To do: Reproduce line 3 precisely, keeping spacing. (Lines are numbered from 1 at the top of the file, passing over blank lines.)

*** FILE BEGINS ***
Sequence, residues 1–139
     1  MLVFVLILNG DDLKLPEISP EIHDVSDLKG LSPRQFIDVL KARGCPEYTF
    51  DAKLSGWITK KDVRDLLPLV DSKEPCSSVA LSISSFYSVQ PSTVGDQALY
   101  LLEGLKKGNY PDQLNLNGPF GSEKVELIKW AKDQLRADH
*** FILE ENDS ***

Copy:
    51  DAKLSGWITK KDVRDLLPLV DSKEPCSSVA LSISSFYSVQ PSTVGDQALY